A significant portion of the patients come in with GSWs, shrapnel, and extensive burns. There’s also a significant displaced population. Toward Eastern Ukraine, you see a lot more trauma. Toward Western Ukraine, you tend to see more chronic illness that has been unmanaged for a couple months. I’m a Ukrainian-trained physician. I went through all my medical school there, and I never saw a single GSW. We’re a peaceful country. Nobody owns guns. The idea of working during your typical day and the building next to you blows up really never crossed most of our minds. Today, every major city in the country has had at least one or two rocket attacks. There’s also been a massive hit to hospital infrastructure. About one in six hospitals in the country, as of two days ago (May 16, 2022), has been attacked. One in 15 has been completely leveled to the ground. There are large parts of the country where there are no undamaged hospitals.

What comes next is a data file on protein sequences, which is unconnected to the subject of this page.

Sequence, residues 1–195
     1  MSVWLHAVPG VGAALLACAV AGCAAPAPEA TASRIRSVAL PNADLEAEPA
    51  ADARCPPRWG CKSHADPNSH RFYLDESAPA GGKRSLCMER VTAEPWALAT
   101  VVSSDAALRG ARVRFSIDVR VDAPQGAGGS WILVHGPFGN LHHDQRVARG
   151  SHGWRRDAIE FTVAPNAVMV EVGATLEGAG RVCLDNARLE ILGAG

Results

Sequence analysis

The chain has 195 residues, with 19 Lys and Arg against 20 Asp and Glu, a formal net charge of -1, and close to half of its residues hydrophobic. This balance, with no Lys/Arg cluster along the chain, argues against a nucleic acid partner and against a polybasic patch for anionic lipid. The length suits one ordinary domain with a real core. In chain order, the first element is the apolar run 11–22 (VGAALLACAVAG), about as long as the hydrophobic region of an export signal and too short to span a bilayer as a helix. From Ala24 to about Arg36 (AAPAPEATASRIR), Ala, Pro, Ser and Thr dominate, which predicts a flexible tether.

I think the biggest thing that most people in the US don’t understand is that Ukraine is a low-middle income country. Ukraine’s GDP per capita is possibly comparable to El Salvador. That’s where they started and that’s the level of funding they have. And yet, for example, their levels of maternal mortality are lower than that in the US. in Ukraine, there’s a shortage of equipment but a plentiful supply of people who are willing to work. They do a huge amount with very little. And that means that every single little bit that we give them pays dividends.